If you are a food producer cook, student or educator, and you are interested in attending this conference, you can find links to online applications here. They are due April 30th, which is just around the corner.
If you are not one of those things, but you love the idea of going to Turin and exploring the ideas behind Slow Food and tasting lots of slow food, you can attend the Salone del Gusto, a public event held concurrently with Terra Madre that contains a huge market of artisanal products from around Italy, and from around the world. Tickets are not yet available, but keep checking back at the site for more information as it becomes available.
Posted on Thu, April 17, 2008 by Jerusha Klemperer
A few recent stories got us thinking about this question of bedfellows. Can fast food be slow if it's sourced locally and made with quality ingredients? Can a small producer sell itself to a corporate food giant and maintain its integrity?
The San Francisco Chronicle reports on the latest small food company to hop into bed with big business, and wonders if they are deluded in thinking that further distribution and a larger market share will be a good thing (and not a harbinger of doom). Honest Tea has given Coca Cola 40% of its shares, joining the ranks of Stonyfield Yogurt, Ben and Jerry's , etc.–small alternative companies, known for quality ingredients, who sold themselves to big business. We've shown graphics like this one before, but here's another one to throw into the mix: last month's NY Times offered this look at how small organic businesses get "gobbled up by big food."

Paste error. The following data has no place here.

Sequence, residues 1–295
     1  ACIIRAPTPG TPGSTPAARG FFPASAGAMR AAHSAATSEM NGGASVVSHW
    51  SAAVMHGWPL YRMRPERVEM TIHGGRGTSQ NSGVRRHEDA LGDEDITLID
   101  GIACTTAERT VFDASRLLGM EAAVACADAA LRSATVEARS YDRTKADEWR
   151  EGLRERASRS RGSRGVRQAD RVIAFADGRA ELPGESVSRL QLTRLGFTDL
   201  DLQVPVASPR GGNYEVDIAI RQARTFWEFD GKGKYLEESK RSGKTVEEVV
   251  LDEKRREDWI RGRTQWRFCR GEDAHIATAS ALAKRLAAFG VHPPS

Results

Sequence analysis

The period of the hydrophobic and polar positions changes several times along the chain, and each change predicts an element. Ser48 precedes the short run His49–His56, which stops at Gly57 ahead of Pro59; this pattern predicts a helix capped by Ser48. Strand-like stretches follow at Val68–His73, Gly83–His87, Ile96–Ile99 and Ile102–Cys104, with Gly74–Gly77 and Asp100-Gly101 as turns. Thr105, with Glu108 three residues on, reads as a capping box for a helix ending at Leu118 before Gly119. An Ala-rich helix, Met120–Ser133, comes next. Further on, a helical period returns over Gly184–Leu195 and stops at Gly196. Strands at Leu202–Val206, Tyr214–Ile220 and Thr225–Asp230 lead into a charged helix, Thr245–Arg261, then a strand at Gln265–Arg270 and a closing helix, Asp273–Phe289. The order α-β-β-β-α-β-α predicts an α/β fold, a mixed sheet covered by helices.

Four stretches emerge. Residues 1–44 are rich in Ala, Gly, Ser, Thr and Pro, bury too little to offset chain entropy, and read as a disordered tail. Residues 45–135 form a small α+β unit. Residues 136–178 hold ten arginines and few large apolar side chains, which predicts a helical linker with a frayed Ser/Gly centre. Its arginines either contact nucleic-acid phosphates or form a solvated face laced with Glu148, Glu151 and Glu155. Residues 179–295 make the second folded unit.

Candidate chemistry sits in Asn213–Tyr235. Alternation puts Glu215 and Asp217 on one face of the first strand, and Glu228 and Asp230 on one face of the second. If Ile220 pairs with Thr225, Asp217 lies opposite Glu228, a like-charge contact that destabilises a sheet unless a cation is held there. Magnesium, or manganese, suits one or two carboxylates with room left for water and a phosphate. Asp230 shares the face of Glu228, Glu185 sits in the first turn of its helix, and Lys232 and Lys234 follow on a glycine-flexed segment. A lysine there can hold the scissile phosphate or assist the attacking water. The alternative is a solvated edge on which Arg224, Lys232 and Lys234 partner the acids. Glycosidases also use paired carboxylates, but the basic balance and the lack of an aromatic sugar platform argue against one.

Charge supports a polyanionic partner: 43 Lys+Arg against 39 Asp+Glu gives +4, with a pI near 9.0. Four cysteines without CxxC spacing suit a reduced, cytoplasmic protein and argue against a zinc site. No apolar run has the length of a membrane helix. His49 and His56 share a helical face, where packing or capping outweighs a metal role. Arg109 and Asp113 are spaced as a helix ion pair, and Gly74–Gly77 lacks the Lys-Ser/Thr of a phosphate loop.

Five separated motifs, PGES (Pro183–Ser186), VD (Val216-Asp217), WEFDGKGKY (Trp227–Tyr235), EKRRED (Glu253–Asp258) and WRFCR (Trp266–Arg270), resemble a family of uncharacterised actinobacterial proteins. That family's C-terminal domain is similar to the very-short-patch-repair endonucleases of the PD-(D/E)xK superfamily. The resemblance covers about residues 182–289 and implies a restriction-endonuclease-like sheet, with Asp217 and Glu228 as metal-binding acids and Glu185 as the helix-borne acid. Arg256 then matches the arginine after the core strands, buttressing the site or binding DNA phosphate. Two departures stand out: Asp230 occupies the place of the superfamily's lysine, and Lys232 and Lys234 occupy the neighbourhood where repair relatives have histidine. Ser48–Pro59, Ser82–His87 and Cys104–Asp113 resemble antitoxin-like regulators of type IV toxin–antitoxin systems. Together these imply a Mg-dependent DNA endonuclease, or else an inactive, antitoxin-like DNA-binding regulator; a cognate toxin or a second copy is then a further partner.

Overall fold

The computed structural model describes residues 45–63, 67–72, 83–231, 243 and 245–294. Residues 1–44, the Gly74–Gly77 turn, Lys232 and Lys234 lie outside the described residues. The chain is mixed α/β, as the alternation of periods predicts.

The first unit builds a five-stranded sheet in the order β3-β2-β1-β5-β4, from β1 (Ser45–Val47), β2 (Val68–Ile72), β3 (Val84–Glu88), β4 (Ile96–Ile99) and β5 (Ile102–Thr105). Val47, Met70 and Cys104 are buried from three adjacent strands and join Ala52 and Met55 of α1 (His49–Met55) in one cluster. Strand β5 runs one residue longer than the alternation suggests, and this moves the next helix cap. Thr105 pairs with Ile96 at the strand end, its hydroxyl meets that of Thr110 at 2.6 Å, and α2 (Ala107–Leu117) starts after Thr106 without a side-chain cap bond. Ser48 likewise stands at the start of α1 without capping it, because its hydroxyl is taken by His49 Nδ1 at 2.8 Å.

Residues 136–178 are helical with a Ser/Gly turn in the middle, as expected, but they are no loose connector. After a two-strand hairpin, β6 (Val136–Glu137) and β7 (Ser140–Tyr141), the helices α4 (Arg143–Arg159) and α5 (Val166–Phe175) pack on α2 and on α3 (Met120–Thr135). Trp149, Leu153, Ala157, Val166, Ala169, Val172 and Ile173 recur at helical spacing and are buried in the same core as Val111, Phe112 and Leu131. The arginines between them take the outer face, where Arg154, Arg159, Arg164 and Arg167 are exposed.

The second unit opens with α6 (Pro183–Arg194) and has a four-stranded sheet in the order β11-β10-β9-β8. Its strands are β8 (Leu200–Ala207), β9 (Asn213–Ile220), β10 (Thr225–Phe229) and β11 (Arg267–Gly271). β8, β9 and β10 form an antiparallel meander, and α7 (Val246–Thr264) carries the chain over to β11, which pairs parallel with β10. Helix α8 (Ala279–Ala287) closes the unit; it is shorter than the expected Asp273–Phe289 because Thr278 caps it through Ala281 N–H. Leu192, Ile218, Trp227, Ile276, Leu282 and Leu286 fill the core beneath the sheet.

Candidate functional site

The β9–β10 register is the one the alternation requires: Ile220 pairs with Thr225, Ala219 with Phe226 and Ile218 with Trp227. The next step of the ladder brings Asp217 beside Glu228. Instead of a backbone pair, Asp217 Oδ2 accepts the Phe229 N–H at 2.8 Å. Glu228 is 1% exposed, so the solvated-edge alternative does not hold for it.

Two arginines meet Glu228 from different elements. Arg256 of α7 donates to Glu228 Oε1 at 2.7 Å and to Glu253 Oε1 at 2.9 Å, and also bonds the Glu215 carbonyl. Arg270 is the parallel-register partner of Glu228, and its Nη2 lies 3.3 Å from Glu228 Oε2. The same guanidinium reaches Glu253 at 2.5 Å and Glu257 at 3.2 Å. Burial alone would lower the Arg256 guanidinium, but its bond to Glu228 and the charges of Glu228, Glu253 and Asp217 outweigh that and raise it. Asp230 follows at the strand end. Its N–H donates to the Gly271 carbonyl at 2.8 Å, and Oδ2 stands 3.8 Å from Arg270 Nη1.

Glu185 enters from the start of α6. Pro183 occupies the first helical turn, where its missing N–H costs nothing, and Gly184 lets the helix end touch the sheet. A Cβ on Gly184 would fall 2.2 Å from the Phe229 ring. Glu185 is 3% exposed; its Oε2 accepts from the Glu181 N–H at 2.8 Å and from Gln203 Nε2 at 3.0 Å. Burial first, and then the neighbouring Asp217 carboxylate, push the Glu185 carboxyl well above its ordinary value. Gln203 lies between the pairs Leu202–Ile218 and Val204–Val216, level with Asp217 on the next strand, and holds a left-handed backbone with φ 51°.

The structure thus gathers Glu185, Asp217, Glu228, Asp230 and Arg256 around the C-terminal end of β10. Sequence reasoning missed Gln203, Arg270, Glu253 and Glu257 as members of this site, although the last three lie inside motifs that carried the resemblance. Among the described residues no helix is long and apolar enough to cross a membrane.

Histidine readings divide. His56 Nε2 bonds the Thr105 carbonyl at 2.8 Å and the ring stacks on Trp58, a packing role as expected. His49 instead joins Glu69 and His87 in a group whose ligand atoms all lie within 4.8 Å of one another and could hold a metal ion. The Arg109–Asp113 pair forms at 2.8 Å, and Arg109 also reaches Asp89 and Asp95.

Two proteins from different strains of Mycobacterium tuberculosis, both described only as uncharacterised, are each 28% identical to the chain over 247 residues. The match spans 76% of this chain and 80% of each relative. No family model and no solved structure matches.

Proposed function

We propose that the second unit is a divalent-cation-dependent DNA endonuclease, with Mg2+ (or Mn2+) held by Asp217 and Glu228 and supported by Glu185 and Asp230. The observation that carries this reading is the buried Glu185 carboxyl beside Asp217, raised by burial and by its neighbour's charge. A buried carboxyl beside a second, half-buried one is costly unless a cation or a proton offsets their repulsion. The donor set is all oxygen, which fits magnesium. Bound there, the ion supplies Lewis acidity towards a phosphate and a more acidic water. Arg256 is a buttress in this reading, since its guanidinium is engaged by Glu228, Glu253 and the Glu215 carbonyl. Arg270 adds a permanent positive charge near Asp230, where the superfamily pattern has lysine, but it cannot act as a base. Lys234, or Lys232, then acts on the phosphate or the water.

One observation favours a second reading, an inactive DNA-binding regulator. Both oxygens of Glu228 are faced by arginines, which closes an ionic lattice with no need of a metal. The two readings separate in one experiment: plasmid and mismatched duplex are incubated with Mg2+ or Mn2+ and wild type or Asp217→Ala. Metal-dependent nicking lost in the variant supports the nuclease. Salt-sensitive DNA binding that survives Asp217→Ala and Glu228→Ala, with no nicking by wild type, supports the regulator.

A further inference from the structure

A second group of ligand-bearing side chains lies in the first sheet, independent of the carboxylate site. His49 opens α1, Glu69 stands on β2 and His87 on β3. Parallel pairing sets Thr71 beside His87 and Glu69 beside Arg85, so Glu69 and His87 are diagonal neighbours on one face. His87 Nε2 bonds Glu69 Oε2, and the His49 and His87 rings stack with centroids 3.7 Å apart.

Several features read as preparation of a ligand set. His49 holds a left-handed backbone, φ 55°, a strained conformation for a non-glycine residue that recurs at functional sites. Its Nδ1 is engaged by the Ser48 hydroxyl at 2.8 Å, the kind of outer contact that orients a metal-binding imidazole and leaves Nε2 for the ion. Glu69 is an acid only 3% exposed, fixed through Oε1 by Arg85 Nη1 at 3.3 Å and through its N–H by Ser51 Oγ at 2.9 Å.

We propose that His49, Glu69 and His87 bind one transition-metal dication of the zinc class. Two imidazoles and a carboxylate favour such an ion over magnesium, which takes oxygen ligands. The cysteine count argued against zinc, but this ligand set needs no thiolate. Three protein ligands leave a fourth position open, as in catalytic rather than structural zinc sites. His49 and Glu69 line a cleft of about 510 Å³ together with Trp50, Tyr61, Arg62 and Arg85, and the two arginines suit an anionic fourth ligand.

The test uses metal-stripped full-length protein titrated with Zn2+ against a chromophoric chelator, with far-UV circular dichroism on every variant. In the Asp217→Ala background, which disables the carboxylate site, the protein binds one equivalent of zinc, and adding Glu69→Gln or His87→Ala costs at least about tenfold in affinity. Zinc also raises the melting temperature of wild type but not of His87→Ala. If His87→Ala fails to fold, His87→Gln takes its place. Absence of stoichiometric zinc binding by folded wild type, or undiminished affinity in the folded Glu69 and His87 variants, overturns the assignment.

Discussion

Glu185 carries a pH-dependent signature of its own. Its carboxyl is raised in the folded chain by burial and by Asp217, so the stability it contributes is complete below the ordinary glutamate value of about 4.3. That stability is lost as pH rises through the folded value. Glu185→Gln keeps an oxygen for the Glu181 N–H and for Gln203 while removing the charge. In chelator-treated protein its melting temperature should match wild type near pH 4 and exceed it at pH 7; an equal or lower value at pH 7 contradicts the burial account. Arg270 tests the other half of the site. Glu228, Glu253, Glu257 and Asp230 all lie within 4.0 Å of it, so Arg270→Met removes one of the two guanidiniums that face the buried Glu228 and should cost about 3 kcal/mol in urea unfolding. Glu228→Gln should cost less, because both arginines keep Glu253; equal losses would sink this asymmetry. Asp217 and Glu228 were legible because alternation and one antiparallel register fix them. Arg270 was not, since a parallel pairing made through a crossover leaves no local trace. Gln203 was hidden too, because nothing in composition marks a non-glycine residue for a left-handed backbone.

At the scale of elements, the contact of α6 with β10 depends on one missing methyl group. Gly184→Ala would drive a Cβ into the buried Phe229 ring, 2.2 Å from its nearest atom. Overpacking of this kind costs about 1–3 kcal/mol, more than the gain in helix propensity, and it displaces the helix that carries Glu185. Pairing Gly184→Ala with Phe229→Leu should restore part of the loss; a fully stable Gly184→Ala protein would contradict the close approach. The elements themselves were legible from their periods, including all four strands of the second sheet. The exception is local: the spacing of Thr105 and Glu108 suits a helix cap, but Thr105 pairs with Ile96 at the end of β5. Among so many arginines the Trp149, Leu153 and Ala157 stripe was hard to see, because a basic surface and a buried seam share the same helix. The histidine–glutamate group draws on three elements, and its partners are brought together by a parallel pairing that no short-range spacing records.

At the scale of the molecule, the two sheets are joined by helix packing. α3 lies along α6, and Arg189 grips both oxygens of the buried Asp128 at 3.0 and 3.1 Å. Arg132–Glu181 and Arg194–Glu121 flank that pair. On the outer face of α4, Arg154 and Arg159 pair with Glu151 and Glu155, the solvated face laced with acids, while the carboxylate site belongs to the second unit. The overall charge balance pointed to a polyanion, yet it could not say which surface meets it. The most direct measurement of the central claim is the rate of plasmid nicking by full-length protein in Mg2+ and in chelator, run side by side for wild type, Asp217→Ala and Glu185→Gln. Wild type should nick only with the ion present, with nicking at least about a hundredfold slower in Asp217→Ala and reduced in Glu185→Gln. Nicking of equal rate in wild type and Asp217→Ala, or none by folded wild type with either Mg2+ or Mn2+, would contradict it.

And what about this question of fast food being slow? Possible? Last month came reports that the Chipotle burrito chain (which already uses Niman Ranch pork products) was going to source local Polyface farm products for its Virginia-area stores. Ode magazine's April issue has the following cover: "Eat a burger, SAVE THE WORLD. Why the "new" fast food is good for you (and the planet)." It covers chains such as Chipotle, Burgerville and Seller's Markets, and explores the notion of fast food that can be good for you. Is it still "fast?" Does it count as "slow " now…?